Create a Free Area photometric light (without shadows) in front of the window (it must be inside the room).The size should be a bit smaller than the window. I set the luminosity to 1500 CD. Try to make experiments reducing and increasing the intensity. The illumination depends also on the size and the position of the lights that you are using. You should now have a rendering like the image below.
Rendering with a MR area spot light + free area and max bounce 4
The illumination is quite good for now, but we must give the impression of more luminosity. It becomes dangerous if you try to increase the first 2 lights by too much, as you will run the risk of burning all the renders. We can improve the render by adding a last light. Create a free area photometric light in front of the Room. Normally I delete a wall and create a camera inorder to get a better render of the interior. So now, create a free area photometric light (without shadows) in front of the deleted wall like in the image below.
The size must be smaller than the size of the wall that you have deleted and don't locate it too close to your room. Leave a small space between the room and the light, otherwise you will burn the surfaces which are too close to the light. I put around 850 CD in the slot for the Intensity. Try to make a test render. You should have a result like in the image below.
The result of the luminosity depends not only on the intensity but also on the size of the light that you create. You will notice that increasing the size of the area light you will have more or less the same effect as you would if were increasing the intensity number. The last step that you can do to improve the realism is to add a glare filter. This will give a glowing/shiny effect on the brightest parts of your surfaces. Try to always change the settings inorder to try and discover the optimal balance of size/location/intensity of the lights. I tried this tutorial with success also on interiors with more than 2 windows...for each window add a small area light and a spot light.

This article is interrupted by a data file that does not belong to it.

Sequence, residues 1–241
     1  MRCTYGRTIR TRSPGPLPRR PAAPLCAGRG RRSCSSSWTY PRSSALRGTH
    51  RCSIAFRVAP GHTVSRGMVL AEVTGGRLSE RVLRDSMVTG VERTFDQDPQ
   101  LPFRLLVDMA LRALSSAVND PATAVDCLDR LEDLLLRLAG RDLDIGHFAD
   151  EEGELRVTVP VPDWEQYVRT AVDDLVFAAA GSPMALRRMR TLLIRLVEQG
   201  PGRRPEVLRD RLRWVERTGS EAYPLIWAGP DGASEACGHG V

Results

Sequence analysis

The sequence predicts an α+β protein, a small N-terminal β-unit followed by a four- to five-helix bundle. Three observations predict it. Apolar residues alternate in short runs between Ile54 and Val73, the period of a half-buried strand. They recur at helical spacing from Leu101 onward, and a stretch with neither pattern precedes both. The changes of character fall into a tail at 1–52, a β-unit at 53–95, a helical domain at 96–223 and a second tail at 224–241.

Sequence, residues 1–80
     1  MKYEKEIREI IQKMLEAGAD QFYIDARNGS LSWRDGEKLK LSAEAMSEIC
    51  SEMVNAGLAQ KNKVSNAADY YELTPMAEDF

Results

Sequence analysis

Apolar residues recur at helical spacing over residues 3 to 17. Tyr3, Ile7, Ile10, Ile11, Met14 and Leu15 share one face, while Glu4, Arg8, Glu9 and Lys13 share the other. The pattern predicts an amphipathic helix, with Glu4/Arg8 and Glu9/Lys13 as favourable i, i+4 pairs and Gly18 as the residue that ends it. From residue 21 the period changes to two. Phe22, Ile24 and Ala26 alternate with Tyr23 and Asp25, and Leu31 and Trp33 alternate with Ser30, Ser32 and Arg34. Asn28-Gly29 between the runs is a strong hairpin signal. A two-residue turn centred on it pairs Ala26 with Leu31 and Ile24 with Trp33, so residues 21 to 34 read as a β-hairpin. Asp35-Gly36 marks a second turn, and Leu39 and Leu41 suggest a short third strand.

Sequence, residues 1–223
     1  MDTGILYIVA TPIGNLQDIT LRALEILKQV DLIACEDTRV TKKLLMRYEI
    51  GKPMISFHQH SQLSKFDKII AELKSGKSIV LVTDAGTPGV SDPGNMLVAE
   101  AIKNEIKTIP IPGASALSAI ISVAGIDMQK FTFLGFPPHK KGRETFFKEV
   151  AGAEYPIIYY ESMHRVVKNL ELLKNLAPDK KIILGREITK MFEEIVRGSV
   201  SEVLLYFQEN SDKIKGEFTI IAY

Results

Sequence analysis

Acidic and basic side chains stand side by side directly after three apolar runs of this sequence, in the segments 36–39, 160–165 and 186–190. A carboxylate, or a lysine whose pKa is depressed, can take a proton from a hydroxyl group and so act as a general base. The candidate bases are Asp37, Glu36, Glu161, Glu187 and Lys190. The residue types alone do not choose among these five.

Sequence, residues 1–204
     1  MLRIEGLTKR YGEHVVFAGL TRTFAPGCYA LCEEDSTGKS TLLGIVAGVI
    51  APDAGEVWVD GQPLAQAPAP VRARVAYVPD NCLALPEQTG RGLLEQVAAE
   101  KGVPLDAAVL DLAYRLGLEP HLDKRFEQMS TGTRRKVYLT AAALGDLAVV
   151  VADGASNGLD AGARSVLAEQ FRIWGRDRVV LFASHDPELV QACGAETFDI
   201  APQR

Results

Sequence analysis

Problems, errors and solutions : If your render is way too dark, you probably need to just increase the intensity of your last free area light, or you must increase the size of the free area light.
- Colour-bleeding effect : To avoid this effect put a lower number in max bounces.
- Long render times : This kind of illumination requires a really long render time. To spend less time you can reduce the max bounces number to 1 or 2 and make all the lights a bit brighter.
- The rendering is full of big dark dots : This happens if in final gather you have a low number in the samples slot.
- If you have the imperfections you see in the image below, after you have increased the number of samples try to add a bigger number in theFinal Gather Radius slot.
How to have very fast test renders : Make the render size small (example: 100x75 pixels). It will be for sure too small to see any details, but you can clearly see if the illumination of the room is too dark or too bright.
Note: Remember that this tutorial teaches a technique of illumination, not what values to put in the light parameter slots. Since the final result of the renders depend on the size of the room, the intensity, the colour, the size and the location of the lights, you must do as many test renders and experiments to get the correct values as you feel is nessessary.
I hope this tutorial was useful for you :)....Best regards